For Immediate Release:
September 17, 2019
Matthew Nocella, 202.724.8105 -

Councilmember Grosso re-introduces legislation to ban the use of “gay/trans panic” defenses in D.C.

Washington, D.C. – At the D.C. Council’s first legislative meeting after summer recess, Councilmember David Grosso re-introduced his legislation to counter the use of “gay/trans panic” defenses, which seek to utilize the stigma associated with the sexual orientation, gender identity, or other identity expression of victims to excuse violent crimes.

“I am a passionate supporter of the human rights of criminal defendants, a fair and swift trial, and for alternatives to incarceration,” said Grosso. “All of that is possible without resorting to a defense that is premised on bias against lesbian, gay, bisexual or transgender individuals.”

The Tony Hunter and Bella Evangelista Panic Defense Prohibition Act of 2019 would curtail the availability and effectiveness of defenses that seek to partially or completely excuse crimes such as murder and assault on the grounds that the victim’s sexual orientation, gender identity, or other inherent identity, is to blame for the defendant’s violent action. The bill also requires an anti-bias jury instruction in criminal trials if requested by the prosecutor or the defendant.

“The bill makes one thing clear: a defense that exploits bias is simply unacceptable,” said Grosso.

Councilmember Grosso originally introduced the bill in February 2017 as the Secure a Fair and Equitable (SAFE) Trial Act. Over the summer, Grosso worked closely with LGBTQ advocates ahead of re-introduction and fulfilled their request to rename the bill in honor of Tony Hunter, a gay man, and Bella Evangelista, a transgender woman.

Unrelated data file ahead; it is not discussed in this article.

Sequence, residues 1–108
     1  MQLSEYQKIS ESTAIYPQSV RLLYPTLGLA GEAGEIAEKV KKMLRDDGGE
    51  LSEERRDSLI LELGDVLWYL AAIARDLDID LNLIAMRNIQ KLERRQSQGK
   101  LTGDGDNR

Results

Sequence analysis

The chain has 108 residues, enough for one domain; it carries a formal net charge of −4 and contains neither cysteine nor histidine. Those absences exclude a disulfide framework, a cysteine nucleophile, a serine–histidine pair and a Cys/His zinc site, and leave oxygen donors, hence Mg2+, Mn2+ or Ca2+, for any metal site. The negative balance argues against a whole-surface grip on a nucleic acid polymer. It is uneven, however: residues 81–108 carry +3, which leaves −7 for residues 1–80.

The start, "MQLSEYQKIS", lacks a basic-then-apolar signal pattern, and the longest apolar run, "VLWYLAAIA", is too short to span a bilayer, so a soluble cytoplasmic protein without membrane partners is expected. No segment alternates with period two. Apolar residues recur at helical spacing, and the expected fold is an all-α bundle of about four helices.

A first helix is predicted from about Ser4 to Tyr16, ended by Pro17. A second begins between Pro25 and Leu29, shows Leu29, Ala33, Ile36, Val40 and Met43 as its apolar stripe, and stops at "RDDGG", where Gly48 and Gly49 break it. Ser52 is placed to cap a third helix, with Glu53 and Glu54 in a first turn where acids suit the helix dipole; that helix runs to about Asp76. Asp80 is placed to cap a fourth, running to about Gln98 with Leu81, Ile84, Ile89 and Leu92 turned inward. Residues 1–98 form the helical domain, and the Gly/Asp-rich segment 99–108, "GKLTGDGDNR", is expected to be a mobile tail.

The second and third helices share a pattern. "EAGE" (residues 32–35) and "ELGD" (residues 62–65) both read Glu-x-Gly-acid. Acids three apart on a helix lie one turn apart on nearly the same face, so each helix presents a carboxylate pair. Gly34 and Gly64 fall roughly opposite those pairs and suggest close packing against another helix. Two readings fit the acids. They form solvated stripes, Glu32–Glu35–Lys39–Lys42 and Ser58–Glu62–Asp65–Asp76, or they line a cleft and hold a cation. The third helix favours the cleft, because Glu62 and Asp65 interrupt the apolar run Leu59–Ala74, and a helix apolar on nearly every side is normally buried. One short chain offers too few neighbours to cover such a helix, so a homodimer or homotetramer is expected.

“LGBTQ+ panic defenses have long stood as a symbol of dangerous and outdated thinking,” said D’Arcy Kemnitz, Executive Director of the National LGBT Bar Association. “The Tony Hunter and Bella Evangelista Panic Defense Prohibition Act of 2019 would send a clear message: Discrimination has no validity in the courtroom.”

“Victims of crime, their families, and their communities experience enough trauma without having to shoulder the blame for their murder or assault or watch their loved one’s name maligned as they seek justice,” said David Mariner, Executive Director of The D.C. Center for the LGBT Community. “I greatly appreciate Councilmember Grosso’s continued engagement with the LGBTQ+ community on this issue and for naming the bill in honor of Tony Hunter and Bella Evangelista–two victims whose cases were marred by the discriminatory statements that are used in the making of these panic defenses.”

“This bill would prohibit the misuse of a victim’s identity as an excuse for perpetrating a murder or violence. The ‘panic’ defense attempts to justify a criminal act motivated by a defendant’s racism, xenophobia, homophobia, transphobia, ableism or other bias. This Act is a necessary step to address an anachronism in our legal system that demeans and devalues the lives of vulnerable people. These defenses simply have no place in our justice system and it is time for them to go,” said Sasha Buchert, Senior Attorney at Lambda Legal.

In August, the Washington Post reported that D.C. saw the highest number of bias-motivated attacks last year and had the highest per capita hate-crime rate of any major city in the country.

“In this time of heightened rhetoric of hate and violence, it is incredibly important that we act to eliminate bias whenever we can. I appreciate the renewed grassroots support for this legislation, including the many letters and resolutions Advisory Neighborhood Commissions have recently approved, and urge the Council to move swiftly,” said Grosso.

Councilmembers Elissa Silverman, Robert White, Brianne Nadeau, Mary Cheh, Brandon Todd, and Charles Allen joined Grosso as co-introducers of the legislation.